Whilst searching for the of the term origin of ‘Yort’ a while back (see my posting of 23 07 19 ‘Formby – What is a Yort?’) I happened upon this fascinating document by the Museum of Liverpool & English Heritage on the internet:-
Sefton Historic Settlement Study – Merseyside Historic Characterisation Project from 2011
Here’s the introduction to the 84 page document:-
Introduction to Historic Settlement Study
The aim of the historic settlement study was to produce a consistent pro-forma template of information on settlements identified across all the historical townships in all 5 districts of Merseyside as based on the relevant paper First Edition Ordnance Survey 6” to 1 mile maps for Lancashire (published 1848 -1851) and Cheshire (1881 – 1882) . The purpose was to help provide background information for the data capture of character area polygons and also bring together some information on known or highlight other historic settlements, many of which have been lost or disguised by urban development. It was also thought that information would be useful for alerting to areas of possible archaeological interest to support the development management advice given by Merseyside Archaeological Advisory Service to the five districts. Historic urban settlement character is one of the key priority areas for research within Merseyside and one for which there is currently least documented archaeological evidence.
What a useful historic database this is for those wanting to know more about the origins of their own Sefton community. Go on find where you lived and get to know more about it………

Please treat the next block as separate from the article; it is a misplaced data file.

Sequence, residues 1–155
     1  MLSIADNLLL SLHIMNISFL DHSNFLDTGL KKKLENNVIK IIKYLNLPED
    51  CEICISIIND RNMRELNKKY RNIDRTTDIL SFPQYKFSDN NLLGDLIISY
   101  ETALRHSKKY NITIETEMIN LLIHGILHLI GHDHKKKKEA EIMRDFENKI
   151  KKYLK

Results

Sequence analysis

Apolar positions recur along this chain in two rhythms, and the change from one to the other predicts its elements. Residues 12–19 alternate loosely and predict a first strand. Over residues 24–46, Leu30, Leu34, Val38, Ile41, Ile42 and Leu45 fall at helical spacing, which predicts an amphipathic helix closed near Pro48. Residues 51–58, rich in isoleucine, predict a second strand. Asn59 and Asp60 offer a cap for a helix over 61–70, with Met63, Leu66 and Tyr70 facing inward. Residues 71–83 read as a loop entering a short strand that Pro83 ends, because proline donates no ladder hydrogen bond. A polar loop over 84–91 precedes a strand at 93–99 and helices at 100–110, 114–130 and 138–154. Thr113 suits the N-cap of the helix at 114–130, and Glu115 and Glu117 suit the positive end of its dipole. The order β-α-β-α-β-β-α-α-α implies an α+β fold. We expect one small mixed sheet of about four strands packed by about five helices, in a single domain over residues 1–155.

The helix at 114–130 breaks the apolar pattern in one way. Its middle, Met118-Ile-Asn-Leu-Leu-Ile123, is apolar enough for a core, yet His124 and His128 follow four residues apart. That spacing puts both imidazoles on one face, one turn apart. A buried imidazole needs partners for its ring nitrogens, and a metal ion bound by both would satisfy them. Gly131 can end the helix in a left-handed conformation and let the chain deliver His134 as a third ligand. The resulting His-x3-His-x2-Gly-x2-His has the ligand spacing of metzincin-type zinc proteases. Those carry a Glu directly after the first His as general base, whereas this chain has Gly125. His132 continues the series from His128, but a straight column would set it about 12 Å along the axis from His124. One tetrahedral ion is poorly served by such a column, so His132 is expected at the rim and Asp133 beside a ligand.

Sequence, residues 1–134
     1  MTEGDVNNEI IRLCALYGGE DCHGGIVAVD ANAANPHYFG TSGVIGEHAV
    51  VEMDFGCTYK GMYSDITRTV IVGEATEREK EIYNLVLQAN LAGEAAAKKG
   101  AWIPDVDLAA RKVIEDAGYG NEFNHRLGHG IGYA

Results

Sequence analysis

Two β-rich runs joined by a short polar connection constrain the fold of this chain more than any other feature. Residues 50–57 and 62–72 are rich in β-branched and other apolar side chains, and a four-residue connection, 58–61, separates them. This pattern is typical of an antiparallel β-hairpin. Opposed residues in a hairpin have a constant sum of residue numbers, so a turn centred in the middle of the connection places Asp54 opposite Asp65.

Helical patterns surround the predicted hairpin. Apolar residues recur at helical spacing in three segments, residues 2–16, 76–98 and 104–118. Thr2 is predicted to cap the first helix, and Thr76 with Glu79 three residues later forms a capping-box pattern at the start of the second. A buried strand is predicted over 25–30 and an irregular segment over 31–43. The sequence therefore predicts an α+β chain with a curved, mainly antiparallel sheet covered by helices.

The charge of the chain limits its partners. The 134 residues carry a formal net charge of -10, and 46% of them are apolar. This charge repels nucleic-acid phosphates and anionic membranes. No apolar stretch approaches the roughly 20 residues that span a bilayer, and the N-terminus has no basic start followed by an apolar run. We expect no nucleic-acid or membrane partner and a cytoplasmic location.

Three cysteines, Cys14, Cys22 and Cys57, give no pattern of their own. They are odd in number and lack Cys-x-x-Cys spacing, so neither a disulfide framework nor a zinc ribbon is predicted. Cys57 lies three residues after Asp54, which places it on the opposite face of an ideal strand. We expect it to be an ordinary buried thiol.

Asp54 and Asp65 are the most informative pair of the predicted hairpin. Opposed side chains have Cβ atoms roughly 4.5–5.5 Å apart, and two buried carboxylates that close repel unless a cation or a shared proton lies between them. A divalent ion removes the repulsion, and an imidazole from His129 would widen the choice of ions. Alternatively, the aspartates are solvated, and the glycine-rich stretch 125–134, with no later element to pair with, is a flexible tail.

Green belt land is a precious resource and we must fight to protect it. The need for new housing can be met by building on brownfield sites and other non-protected areas. There are viable alternatives to building on green belt, but in producing their local plan Sefton has gone for the easy option. Once green belt land is built on it is lost forever.
Many local residents feel very strongly about protecting the environment. During a previous consultation in 2011, more people attended the drop-in session in Churchtown than anywhere else in the whole of Sefton. There was also a huge turn out at the Lydiate drop-in session – Editor.
There is a highly controversial proposal in my own ward (Meols) to build on green belt land off Bankfield Lane, near Three Pools. The original version of the local plan would have put over 300 houses on this site. My Lib Dem colleagues and I put forward a very strong case against this, particularly as the site is subject to flooding and is very good agricultural land. We have had a partial victory, as the Council has reduced the proposal to 120 houses, but we will carry on pushing to protect this land completely.
There is very strong public opposition to building on the land surrounding the Old Links Golf Course, which is also green belt. There was a huge meeting when this was first put forward and nothing has happened since to change people’s minds. I expect to see a great deal of public protest.”
I made my first speech in the council chamber on the subject of protecting the green belt and it is an issue that has remained of great importance to me. Together with my colleagues, I will continue to fight to get proposals to build on the green belt removed from Sefton Council’s local plan. I urge everyone to have their say during the public consultation which is taking place from July – September.”